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  • MM 1916, WM 1921, 1922, International
  • District Grand Master, China, 1923-1936


This biographical sketch is based on the biography of Gills, A Plain Sailorman in China, The Life and Times of Cdr. I. V. Gillis, USN, by Bruce Swanson et. al., published in 2012.

Irvin Van Gorder Gillis, the son of Commodore James Henry Gillis, was born in 1875 in Erie, Pennsylvania, while his father was captain of the USS Michigan, a gunboat assigned to the Great Lakes. Commodore Gillis was a Civil War hero, and imparted love of the sea and ships to his sons. Irvin followed his brother Harry into the Naval Academy, where he excelled during his four years. Despite his dimunitive stature he was elevated to the status of cadet lieutenant.

Upon graduation and commissioning, he was assigned to the USS New York, the flagship of the North Atlantic Squadron. He later served aboard the Texas and the torpedo boat Porter. While aboard the latter he experienced the Spanish-American War first hand, and distinguished himself in the recovery of a Spanish torpedo from Santiago Harbor by diving overboard. He later served aboard USS Annapolis during the Philippine conflict.

After the Russo-Japanese War, Gillis served in various capacities, including as a naval attaché in Shanghai and Peking. During this time the Manchu dynasty was in the process of coming apart, leading to economic and political instability. By 1912 the last emperor had abdicated and soon the government of the country was in the hands of generals and warlords. Gillis was a valuable source of intelligence on developments in military and political matters. He was in retirement for a short time but returned to active duty during the Great War; in all of his capacities he was highly respected and admired.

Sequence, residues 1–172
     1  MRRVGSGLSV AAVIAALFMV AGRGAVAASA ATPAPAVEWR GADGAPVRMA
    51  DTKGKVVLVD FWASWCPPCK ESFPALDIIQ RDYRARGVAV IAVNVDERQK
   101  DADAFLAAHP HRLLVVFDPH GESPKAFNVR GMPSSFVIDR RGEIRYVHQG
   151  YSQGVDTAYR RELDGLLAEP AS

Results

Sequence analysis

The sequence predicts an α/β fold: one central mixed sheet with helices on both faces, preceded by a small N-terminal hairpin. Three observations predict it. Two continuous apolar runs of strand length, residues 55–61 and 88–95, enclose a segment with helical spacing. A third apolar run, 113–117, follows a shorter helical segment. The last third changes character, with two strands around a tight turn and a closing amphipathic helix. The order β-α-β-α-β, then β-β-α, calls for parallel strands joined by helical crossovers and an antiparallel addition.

China became Gillis' second home. In 1916 he was admitted to the Masonic Fraternity in International Lodge in Shanghai; he was a very active and engaged member, ultimately assuming the East in 1921 and 1922. His service and skill caused him to be chosen as District Grand Master for the China District in 1923; he served in that and its successor district until 1936, when he withdrew from the office and was succeeded by Rt. Wor. Virgil Bradfield.

After his retirement from the Navy, Brother Gillis devoted himself to a significant project in cooperation with Guion Moore Gest, a businessman from New York. Gest originally sought to obtain books on traditional Chinese medicine to address trouble with his eyesight that Western doctors could not cure. Gillis purchased and shipped books from China to America, gradually expanding his scope from medical texts to literature, history, and nearly every subject. This collection, originally housed at McGill University in Canada, was relocated to the Institute for Advanced Study at Princeton in the 1940s. The Gest Oriental Library, in excess of 40,000 volumes, was the foundation of the East Asian Library at Princeton, now one of the greatest Asian-focused libraries in the West. His contribution to western scholarship on China included an innovative cataloging system still in use today.

Gillis survived house imprisonment during the Japanese occupation, but most of his possessions and research materials did not. He suffered house arrest for several years with his Chinese wife, but they were separated from their adopted native children. He passed away at age seventy-three, and was recorded and memorialized by his lodge.

Distinguished Brothers